Four Newspapers Promote Public Recovery of Land Rent
|June 2, 2014||Posted by Staff under Good Press|
Four newspapers last month recommended that the public recover the rental value of land. The reform might lack intuitive appeal — people don’t like taxes and do love land — but it is fair, since site value is generated by the surrounding populace, and it is efficient, since it prompts owners to quit speculating and build. These four 2014 excerpts are from: (1) The Independent, May 4, by Patrick Diamond, a former Downing Street adviser to Tony Blair and Gordon Brown; (2) The Guardian, May 19, by George Monbiot; (3) The Washington Post, May 20, by Emily Badger; (4) The Economist, May 24.
We Need a Radical Reform of the Tax System
Progressives should focus on shifting the burden of tax from incomes to land values, unearned capital receipts, and property.
After 15 years of devolution, Scotland, the nation with the rich world’s greatest concentration of land ownership remains as inequitable as ever.
Fifty per cent of the private land in Scotland is in the hands of 432 people – but who are they? Many of the large estates are registered in the names of made-up companies in the Caribbean.
Landowners seek to justify their grip on the United Kingdom by rebranding themselves as business owners. The Country Landowners’ Association has renamed itself the Country Land and Business Association. So why do they not pay business rates on their land? Tax exemptions inflate the cost of land, making it impossible for communities to buy.
Though the estates pay next to nothing to the exchequer, and though they practice little that resembles farming, they receive millions in farm subsidies.
It should list all the beneficial owners of the land; impose the taxes Westminster refuses to levy.
Investors Make Housing Expensive. OK to Tax Them For It?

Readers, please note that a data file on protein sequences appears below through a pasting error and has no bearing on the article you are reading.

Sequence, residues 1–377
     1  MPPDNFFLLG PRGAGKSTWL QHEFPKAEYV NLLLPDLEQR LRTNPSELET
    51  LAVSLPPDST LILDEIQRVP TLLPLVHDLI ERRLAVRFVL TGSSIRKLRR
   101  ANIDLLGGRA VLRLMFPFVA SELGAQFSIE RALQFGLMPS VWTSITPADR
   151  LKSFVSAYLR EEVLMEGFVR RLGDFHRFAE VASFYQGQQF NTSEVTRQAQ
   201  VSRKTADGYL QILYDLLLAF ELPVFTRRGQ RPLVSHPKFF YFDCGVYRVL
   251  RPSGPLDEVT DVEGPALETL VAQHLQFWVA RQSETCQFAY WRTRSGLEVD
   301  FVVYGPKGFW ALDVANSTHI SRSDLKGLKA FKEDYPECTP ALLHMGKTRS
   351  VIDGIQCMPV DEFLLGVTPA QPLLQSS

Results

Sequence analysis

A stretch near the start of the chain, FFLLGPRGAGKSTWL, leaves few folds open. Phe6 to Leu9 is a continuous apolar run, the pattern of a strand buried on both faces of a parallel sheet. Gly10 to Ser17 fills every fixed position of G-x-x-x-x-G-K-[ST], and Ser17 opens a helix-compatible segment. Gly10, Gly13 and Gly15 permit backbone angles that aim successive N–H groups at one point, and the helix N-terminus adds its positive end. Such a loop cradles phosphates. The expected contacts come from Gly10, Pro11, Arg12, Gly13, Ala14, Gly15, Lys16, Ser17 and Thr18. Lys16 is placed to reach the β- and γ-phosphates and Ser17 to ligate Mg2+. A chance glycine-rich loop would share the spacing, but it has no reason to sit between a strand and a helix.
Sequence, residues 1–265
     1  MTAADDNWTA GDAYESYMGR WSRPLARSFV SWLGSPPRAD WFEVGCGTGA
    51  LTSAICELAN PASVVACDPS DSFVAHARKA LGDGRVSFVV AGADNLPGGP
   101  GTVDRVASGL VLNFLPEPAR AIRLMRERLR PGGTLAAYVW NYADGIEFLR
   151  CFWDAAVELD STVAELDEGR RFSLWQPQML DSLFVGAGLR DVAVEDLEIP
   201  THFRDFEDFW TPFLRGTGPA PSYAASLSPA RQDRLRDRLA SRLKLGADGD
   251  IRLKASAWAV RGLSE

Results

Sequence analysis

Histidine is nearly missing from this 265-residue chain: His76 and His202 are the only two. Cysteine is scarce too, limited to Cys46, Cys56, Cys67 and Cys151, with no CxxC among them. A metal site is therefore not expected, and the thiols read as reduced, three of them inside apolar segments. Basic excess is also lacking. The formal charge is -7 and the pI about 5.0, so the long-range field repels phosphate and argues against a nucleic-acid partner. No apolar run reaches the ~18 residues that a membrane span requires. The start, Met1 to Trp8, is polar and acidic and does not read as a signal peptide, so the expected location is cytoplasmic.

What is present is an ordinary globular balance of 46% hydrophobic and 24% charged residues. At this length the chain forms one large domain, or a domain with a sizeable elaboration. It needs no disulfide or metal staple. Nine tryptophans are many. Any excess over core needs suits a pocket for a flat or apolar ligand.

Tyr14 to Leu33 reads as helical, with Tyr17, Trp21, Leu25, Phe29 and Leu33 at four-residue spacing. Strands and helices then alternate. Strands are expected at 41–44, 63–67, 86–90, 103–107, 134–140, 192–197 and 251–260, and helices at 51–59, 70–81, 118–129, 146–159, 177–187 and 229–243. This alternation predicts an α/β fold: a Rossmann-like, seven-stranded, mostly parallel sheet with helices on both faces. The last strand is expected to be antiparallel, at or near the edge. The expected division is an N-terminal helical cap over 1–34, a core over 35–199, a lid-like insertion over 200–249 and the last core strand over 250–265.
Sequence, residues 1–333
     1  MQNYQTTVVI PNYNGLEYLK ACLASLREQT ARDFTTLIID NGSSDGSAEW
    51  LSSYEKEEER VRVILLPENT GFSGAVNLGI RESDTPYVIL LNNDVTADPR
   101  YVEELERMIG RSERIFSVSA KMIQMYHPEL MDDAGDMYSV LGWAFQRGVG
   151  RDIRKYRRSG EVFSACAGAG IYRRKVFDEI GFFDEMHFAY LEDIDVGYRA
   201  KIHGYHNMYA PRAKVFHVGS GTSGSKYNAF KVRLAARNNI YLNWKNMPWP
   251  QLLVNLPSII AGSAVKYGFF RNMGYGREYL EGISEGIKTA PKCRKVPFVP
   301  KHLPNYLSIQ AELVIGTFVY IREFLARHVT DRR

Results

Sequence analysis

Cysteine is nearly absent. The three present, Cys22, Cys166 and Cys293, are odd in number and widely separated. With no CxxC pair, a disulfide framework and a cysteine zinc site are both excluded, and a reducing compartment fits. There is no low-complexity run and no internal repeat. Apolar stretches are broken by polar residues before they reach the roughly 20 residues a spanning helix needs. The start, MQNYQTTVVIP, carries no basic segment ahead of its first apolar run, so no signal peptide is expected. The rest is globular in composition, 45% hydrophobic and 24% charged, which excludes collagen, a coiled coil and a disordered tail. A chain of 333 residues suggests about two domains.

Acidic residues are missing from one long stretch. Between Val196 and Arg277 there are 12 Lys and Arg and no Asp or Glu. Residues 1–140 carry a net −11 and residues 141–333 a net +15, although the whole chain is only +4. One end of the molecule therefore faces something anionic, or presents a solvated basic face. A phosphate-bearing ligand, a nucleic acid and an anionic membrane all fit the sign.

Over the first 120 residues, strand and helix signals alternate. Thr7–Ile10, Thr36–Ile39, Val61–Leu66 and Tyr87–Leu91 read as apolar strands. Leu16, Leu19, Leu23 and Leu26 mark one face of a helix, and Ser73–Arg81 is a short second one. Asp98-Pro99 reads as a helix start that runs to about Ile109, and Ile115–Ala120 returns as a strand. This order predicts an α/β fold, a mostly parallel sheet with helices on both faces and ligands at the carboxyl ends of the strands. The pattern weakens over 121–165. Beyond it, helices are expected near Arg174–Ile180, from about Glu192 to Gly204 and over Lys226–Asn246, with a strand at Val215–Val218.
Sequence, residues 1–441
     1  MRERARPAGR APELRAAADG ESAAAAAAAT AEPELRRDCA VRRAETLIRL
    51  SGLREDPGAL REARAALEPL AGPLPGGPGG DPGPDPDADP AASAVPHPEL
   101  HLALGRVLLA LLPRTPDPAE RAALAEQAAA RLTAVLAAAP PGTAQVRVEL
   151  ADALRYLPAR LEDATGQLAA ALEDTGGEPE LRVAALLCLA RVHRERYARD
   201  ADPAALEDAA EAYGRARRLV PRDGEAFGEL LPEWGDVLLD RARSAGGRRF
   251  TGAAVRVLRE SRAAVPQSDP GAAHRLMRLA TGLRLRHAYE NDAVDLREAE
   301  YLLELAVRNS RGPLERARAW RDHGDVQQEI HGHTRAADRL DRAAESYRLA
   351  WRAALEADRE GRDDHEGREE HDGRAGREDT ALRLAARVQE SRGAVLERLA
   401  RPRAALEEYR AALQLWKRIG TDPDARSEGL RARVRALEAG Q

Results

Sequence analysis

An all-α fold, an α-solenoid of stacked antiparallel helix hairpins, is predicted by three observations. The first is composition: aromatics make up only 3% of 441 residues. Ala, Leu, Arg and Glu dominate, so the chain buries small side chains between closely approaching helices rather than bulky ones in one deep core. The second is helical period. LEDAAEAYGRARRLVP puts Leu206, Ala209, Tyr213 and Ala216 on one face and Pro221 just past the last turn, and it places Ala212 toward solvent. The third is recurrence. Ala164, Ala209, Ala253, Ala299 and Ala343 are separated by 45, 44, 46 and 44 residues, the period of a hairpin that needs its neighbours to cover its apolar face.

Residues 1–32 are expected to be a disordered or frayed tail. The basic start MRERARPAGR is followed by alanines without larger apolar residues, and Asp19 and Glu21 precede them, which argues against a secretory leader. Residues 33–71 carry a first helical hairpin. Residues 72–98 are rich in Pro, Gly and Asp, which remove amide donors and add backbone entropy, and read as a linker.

Increasingly, the wealthy in Latin America are buying homes in Miami. Canadians are buying homes in Arizona. Seemingly everyone but Londoners is buying a home in London — and then leaving it empty. And the Chinese are flocking to Vancouver (or, at least, their money is). Vancouver’s real-estate market is tightly connected to what happens in the Chinese economy.
For many of them, property in Vancouver or Seattle is a safer place to put money than property at home.
We expect housing prices to reflect local fundamentals — above all, how much people earn. In a global market, that may not be the case. If there are enough rich people in China who want property in Vancouver, prices can float out of reach of the people who live and work there.
Absentee homeowners can price out people who are actually living in the area.
Urban Planner Andy Yan suggests: Make foreigners pay a premium to buy up local housing. Tax them for the privilege — beyond existing property taxes.
A Very British Binge
Having risen by 8% in the past year, British house prices are almost back to the double-digit pace that preceded the financial crisis.
Britons are stretching to meet ever-rising prices by borrowing more. Average loan-to-income ratios have passed their 2007 peak. With more pay devoted to mortgage repayments, consumption is bound to fall. That is bad news for firms, and, in turn, workers. Household debt also reduces the funds that could be channelled towards productive investment.
Shifting the burden of tax from income to property would reduce the flood of foreign cash. Taxing land rather than buildings would encourage speculative construction and would push those sitting on large stocks to build or sell up.
Ed. Notes: Three of the four newspapers were British. When will the rest of the world catch up to the United Kingdom? If we’re serious about solving our problems, we need to adopt these good ideas that work right now.